No, I haven’t become religious; that is, I haven’t experienced a late conversion to a particular faith. If that means I’m going straight to hell when I die then so be it. One of my problems with religion has always been the idea that the righteous are saved and the rest are condemned. Isn’t that the ultimate logic of religion’s ‘us’ and ‘them’ paradigm ?
Now my summer of reading memoirs has almost come to an end, I finished the last page of “Dying, a memoir” by Cory Taylor. And I realize that the circle is round. In “Between them” I started reading about the kid Richard Ford who was almost not born because his parents lived happily in the bubble the two of them were. Dani Shapiro showed me a picture of her 20 year marriage in “The Hourglass” and now Cory Taylor describes how it all ends. Being the child you always stay to be, being a spouse, being a mother, being Cory.
I’d like to be remembered by what I’ve written. As somebody warned me, if you don’t tell your own story, someone else will.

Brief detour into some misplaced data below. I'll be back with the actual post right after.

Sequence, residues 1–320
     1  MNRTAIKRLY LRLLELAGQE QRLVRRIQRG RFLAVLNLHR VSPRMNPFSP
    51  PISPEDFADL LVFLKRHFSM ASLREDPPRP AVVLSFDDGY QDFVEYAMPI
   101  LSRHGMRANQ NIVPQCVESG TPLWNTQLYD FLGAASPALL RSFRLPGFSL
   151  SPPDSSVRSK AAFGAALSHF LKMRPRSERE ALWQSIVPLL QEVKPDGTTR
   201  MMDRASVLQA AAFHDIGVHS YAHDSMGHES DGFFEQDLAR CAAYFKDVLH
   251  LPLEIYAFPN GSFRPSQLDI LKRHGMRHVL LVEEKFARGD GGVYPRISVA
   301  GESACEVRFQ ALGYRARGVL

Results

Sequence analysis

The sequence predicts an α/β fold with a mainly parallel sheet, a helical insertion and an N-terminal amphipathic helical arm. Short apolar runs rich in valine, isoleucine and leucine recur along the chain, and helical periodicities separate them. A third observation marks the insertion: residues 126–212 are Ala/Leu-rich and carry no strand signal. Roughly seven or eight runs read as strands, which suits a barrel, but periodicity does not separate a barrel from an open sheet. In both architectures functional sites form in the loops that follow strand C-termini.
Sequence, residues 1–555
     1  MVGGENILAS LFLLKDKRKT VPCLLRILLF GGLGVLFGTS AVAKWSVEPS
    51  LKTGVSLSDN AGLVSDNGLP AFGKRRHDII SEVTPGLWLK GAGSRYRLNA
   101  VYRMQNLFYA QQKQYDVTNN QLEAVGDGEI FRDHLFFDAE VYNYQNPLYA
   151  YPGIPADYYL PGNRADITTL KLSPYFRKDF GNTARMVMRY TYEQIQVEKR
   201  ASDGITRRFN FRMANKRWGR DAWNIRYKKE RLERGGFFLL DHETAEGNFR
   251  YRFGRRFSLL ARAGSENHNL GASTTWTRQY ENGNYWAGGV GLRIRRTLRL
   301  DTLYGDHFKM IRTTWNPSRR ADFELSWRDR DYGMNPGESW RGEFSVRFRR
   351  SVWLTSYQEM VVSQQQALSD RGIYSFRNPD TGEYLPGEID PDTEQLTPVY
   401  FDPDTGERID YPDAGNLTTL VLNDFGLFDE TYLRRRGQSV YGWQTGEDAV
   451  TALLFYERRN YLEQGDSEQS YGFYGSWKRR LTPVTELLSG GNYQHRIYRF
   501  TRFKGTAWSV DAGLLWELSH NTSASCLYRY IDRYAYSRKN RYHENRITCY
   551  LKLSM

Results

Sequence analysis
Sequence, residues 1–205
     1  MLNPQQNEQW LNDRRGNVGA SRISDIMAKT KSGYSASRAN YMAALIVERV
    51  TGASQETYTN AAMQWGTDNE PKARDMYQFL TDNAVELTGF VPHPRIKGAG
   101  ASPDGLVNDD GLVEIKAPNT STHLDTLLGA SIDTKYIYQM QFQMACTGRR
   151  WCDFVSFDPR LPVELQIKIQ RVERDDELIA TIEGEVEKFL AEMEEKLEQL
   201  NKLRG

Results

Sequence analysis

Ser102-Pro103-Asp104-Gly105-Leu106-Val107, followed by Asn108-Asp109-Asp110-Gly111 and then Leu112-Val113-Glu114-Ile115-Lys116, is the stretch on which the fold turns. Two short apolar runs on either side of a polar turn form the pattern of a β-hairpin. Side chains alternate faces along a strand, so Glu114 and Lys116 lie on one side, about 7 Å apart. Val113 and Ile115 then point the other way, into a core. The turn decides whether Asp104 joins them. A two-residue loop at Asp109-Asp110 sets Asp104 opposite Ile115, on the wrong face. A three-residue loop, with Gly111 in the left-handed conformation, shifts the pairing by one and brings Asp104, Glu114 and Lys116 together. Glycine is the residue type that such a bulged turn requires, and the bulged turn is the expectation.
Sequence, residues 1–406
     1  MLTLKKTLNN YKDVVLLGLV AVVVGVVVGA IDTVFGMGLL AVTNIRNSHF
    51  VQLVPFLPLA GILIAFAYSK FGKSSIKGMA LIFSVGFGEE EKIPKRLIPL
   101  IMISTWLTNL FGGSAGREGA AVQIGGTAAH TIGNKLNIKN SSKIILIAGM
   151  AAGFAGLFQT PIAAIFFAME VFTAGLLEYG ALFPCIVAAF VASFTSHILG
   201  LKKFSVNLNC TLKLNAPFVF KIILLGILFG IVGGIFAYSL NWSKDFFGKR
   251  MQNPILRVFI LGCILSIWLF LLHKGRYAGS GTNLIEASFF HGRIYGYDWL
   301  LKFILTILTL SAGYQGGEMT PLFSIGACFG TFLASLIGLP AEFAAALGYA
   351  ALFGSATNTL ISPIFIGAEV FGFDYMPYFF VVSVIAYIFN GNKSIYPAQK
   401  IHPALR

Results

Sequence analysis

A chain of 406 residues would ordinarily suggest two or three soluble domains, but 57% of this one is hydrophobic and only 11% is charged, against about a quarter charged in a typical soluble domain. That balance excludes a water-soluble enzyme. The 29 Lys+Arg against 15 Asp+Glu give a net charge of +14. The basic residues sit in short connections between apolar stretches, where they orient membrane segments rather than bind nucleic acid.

The book is not, what you might expect, the story of the cancer killing her. The cancer plays a role, but a minor one. It is about Taylor assessing her life, her relation with her parents, her brother and her two sisters, her husband and her two sons. You might expect for someone dying to be conciliatory, but that is not the case here. She loves her mother and hates her father. She connects well with her sisters but is hard on her brother.
Saying the things such as they are, is good but wouldn’t it be much better to do so whilst you still have the chance to build. Being able to say whatever you want with friends and family is the value I appreciate most in relations. It ultimately makes everybody stronger and makes you move on together.
“Dying, a memoir”, Cory Taylor, The Text Publishing Company, Melbourne, 2016